Reflecting on her rationale for posting the video to TikTok, Adams subsequently said in an interview:

“I honestly just wanted to see what I looked like while teaching, kind of as a reflection tool. I wanted to see: am I being energetic enough for them? Am I engaging enough? And I was like, ‘I’ll just take a quick video and watch it back later, probably delete it.’ And about an hour later I got a text from a friend and she said, ‘you know you’re viral, right?’”

Social media commentators and news reporters were quick to praise the video, waxing lyrical about Adams’ energy and patience with her students. For many commentators, Adams’ video was more than just a snapshot into her daily life; the video represented the work of countless teachers around the world trying to make the best of a challenging situation. Adams shared a similar sentiment about the profession:

 “I really hope that teachers are getting the recognition they deserve right now … the outpouring of love has been great”.

A booming new genre

Adams and Mr Luke are not the only ones receiving the love. A growing number of teachers are taking to TikTok to share their experiences during the pandemic. The “booming new genre” of Teacher TikTok has even led some websites to compile lists of the ‘top teachers’ to follow.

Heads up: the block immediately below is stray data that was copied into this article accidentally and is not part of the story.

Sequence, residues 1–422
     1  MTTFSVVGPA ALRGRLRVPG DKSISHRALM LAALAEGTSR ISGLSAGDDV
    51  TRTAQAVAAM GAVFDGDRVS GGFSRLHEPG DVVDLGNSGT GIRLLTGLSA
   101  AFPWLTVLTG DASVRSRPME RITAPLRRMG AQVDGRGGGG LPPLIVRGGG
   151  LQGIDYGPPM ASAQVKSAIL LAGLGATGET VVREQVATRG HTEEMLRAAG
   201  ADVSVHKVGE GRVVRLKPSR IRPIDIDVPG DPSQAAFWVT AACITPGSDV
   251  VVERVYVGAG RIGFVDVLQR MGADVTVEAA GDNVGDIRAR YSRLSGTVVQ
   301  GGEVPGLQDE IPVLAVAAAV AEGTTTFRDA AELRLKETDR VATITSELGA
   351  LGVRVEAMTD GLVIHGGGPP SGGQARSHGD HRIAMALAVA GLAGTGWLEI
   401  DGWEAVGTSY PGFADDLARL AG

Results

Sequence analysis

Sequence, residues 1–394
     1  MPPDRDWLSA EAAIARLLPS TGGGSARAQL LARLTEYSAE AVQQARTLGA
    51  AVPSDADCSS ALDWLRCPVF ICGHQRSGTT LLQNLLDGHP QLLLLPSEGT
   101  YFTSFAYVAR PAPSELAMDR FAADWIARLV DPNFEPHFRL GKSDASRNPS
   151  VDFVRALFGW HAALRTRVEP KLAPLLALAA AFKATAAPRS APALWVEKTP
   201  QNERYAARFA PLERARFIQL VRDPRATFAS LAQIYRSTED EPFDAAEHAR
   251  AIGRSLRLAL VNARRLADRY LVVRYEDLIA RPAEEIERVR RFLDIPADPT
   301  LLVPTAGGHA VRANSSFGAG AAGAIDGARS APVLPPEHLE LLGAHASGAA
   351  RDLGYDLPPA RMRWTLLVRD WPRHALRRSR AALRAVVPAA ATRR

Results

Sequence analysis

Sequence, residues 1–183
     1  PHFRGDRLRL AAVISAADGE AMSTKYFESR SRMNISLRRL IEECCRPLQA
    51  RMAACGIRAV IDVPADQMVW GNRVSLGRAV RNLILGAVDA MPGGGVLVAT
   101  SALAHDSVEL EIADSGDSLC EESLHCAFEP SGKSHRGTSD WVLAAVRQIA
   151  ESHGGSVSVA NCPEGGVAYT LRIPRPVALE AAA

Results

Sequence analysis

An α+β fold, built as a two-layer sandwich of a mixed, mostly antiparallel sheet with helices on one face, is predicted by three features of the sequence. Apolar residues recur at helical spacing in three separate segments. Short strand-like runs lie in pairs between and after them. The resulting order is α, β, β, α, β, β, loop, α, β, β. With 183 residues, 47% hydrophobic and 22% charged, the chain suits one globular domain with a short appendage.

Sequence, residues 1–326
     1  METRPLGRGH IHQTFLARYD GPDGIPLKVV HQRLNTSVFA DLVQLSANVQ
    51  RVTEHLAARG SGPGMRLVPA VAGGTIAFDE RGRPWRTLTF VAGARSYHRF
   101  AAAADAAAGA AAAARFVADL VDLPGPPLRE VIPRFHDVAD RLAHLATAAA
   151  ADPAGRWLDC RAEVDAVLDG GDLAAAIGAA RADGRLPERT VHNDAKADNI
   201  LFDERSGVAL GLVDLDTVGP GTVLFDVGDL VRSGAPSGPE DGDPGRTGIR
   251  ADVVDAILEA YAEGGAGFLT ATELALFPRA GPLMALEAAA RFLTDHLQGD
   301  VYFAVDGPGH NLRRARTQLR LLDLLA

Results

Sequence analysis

For some teachers, it is about connecting with their students and incorporating TikTok into class activities. For others, it is about connecting with a teaching community, sharing tips, celebrating successes, laughing at themselves, or venting frustration – all vital under lockdown and COVID-related restrictions.

Teachers’ TikTok videos under hashtags such as #teachersoftiktok #teacherlife #teacherproblems have views in the billions and capture the everyday, funny, and perplexing moments that speak to the rarely seen chaos, charm, and complexity of teaching at the ‘screen face’ during a pandemic.

The good and the bad of TikTok for teachers

Of course, not all have embraced TikTok’s potential during the pandemic, with recent calls from US President Donald Trump to ban downloads of the app over its questionable use of user data.

Concerns about problematic or harmful content circulating on TikTok have also made news headlines.

When TikTok merged with Musical.ly in 2018, the marketing for the app cleverly side-stepped parental concerns about the potential harms of social media and distinguished itself from apps like Instagram by emphasising TikTok’s focus on safe and child-friendly play and creativity. Yet, recent reports have challenged the ‘child-friendliness’ of the app, including alarm about a video of a suicide that was circulating on the platform.

Many schools sent warnings to parents about the video, however, in one reported case a group of students in a Western Australian school watched the video during class and their teacher was subsequently stood down. This is not the first case of an educator losing their job over a TikTok controversy, and students have also been at the receiving end of vitriol for their use of the platform. Such controversy only furthers the evidence for those who wish to see mobile phones banned and ICT policies tightened in schools.